IVERS arife; whether thou be the fon
Of utmost Tweed, or Oose, or gulphy Dun,
91. Rivers arise, &c.] Milton is supposed in the invocation and assemblage of these rivers, to have had an eye on Spenser's Episode of the Nuptials of Thames and Medway, F. Q. iv. xi. I rather think he consulted Drayton's POLYOlbion. It is hard to say, in what sense, or in what manner, this introduction of the rivers was to be applied to the subject. 93. Or Trent, who like fome earth-born giant Spreads
His thirty arms along th” indented meads.] It is said that there were thirty sorts of fish in this river, and thirty religious houses on its banks. See Drayton, PALYOLB. S. xii. vol. iii. p. 906. Drayton adds, that it was foretold by a wisard,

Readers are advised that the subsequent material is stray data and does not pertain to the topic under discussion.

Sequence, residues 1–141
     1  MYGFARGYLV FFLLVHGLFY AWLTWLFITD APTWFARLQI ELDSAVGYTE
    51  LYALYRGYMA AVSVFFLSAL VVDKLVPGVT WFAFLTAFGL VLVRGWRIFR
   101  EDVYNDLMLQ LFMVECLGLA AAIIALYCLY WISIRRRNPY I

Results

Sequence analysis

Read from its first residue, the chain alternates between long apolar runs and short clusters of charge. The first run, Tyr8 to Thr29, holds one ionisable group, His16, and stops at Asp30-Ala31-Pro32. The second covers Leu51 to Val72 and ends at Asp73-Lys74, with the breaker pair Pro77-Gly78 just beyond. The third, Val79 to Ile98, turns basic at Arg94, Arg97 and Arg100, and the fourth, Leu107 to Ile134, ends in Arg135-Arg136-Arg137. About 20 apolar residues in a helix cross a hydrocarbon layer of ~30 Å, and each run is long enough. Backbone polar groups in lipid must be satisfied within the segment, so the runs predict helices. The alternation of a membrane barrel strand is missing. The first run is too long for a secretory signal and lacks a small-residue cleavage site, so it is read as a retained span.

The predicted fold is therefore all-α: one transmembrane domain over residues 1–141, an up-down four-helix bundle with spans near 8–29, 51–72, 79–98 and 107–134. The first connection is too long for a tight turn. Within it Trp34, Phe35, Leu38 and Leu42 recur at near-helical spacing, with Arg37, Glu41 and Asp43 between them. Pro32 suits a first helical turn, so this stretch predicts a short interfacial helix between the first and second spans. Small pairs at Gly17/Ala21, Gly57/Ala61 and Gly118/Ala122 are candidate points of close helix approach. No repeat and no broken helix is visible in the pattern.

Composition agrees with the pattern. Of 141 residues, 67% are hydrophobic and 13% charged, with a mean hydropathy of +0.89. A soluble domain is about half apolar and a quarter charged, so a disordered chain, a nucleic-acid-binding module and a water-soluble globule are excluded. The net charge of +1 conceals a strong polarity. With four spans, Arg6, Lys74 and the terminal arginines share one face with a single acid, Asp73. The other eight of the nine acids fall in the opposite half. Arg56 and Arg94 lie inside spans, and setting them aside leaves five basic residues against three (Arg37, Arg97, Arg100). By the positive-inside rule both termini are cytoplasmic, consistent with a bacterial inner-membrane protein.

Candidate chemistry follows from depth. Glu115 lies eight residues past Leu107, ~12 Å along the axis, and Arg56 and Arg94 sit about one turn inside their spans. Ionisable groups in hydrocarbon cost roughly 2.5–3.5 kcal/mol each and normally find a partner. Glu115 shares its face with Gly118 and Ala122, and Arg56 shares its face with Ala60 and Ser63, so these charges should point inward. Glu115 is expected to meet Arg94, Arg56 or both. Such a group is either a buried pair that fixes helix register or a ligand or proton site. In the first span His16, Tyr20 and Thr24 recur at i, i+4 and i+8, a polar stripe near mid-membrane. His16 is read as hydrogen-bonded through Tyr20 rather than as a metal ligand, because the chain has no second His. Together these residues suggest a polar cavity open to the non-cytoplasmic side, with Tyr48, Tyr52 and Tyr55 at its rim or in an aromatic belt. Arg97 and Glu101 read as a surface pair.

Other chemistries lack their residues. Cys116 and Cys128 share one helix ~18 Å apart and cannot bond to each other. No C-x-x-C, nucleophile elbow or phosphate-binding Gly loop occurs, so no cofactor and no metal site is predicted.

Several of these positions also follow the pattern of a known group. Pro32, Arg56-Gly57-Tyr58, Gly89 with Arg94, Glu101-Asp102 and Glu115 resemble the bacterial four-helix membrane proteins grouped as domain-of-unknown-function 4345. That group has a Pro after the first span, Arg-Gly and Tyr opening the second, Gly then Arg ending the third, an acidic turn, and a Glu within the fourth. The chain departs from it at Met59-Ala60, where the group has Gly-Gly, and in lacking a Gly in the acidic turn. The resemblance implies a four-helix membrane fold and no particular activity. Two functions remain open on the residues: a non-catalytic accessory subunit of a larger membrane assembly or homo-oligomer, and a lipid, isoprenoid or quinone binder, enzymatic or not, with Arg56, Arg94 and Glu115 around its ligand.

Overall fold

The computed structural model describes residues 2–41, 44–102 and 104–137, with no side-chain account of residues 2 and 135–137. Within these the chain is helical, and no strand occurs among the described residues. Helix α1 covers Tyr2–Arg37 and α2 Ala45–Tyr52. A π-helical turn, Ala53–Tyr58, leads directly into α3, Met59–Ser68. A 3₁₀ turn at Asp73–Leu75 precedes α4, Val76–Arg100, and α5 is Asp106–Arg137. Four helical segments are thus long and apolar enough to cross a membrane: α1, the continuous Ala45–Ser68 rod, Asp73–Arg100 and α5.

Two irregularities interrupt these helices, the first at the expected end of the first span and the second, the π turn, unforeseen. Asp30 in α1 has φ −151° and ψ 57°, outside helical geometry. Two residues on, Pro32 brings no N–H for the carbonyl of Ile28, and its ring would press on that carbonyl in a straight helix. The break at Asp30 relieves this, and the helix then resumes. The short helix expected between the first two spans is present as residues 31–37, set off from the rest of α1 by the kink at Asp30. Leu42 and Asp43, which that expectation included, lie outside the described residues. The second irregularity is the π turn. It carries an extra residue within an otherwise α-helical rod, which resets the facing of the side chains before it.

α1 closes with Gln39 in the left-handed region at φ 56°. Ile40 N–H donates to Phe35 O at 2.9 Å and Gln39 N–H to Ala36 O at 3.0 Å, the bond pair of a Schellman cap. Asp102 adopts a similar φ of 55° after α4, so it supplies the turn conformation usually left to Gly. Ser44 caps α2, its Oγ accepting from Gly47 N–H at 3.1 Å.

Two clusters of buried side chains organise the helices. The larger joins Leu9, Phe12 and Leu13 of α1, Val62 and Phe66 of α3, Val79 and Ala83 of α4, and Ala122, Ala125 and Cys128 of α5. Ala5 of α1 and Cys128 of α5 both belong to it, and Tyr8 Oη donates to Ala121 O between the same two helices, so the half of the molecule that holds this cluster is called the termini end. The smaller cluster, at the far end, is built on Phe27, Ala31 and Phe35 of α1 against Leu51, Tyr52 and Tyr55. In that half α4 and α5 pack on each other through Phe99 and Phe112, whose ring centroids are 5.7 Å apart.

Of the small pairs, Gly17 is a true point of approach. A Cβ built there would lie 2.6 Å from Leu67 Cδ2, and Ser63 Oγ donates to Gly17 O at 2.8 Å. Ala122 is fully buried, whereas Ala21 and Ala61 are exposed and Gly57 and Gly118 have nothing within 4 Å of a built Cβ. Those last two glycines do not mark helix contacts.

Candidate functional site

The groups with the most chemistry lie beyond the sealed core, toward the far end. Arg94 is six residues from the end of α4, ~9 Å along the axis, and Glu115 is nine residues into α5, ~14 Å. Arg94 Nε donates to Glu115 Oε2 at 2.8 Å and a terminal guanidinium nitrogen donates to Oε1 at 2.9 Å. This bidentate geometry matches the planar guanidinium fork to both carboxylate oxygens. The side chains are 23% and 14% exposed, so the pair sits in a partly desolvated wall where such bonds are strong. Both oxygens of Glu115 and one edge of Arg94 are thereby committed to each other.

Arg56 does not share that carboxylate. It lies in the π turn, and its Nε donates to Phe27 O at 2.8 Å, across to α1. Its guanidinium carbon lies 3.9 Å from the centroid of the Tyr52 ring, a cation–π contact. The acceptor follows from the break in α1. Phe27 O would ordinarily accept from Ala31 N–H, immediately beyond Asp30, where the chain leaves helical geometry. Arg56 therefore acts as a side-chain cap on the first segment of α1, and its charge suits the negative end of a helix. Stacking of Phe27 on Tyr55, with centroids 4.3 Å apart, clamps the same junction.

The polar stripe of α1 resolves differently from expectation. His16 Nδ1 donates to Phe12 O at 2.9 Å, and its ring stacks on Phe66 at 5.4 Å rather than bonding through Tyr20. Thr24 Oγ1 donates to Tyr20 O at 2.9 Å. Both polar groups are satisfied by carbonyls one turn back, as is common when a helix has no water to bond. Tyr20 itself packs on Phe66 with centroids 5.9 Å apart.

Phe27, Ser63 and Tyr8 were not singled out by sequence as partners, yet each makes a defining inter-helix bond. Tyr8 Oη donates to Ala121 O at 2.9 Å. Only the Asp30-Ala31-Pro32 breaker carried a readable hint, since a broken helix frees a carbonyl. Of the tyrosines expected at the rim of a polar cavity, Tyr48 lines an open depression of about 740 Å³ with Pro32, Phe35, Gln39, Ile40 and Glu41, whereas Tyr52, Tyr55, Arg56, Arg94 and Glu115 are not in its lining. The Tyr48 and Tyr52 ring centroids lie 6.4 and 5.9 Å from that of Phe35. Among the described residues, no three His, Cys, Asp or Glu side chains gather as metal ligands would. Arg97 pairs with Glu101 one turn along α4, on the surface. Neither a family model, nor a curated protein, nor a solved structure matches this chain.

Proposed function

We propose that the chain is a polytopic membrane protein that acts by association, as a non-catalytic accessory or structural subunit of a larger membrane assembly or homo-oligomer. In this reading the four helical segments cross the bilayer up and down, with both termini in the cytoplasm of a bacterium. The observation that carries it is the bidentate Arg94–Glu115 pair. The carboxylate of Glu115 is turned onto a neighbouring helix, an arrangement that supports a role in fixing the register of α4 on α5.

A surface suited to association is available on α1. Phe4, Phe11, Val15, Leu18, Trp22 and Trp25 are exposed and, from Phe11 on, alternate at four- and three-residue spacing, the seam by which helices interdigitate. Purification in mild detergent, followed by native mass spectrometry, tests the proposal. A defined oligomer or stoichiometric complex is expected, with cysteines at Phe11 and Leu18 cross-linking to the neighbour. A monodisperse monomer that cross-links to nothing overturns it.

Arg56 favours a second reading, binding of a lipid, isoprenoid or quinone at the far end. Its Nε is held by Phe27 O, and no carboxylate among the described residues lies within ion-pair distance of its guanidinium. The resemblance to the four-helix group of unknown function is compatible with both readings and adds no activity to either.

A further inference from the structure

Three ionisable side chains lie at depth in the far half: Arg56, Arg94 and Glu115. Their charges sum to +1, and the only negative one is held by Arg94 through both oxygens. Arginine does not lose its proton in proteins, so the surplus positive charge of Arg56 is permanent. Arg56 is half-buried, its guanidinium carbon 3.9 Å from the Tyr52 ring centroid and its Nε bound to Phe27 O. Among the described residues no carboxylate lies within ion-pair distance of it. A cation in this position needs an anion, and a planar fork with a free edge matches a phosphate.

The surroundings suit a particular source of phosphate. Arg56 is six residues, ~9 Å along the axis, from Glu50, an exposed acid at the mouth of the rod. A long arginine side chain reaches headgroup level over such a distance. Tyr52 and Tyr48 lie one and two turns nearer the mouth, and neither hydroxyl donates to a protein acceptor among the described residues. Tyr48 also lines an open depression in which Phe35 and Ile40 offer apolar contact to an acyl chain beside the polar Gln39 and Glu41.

And thirty several streames, from many a sundry way,
Unto her greatness shall their watry tribute pay. These traditions, on which Milton has raised a noble image, are a rebus on the name TRENT.
94. Indented meads.] Indent, in this sense and context, in Syl. vefter's Du BARTAS, D. iii. W. i.
Our filuer Medway, which doth deepe INDENT
The flowerie MEDOWEs of my native Kent.
95. Or sulten Mole that runneth underneath.] At Mickleham near Darking in Surrey, the river Mole during the summer, except in heavy rains, finks through its sandy bed into a subterraneous and invisible channel. In winter it constantly keeps its current. This river is brought into one of our author's religious disputes,
" To " make the word Gift, like the river Mole in Surrey, to run un“ der the bottom of a long line, and so to start up
and to govern " the word presbytery, &c.” ANIMADV. Rem. Def. &c. Pr. W.
yol. 1. 92.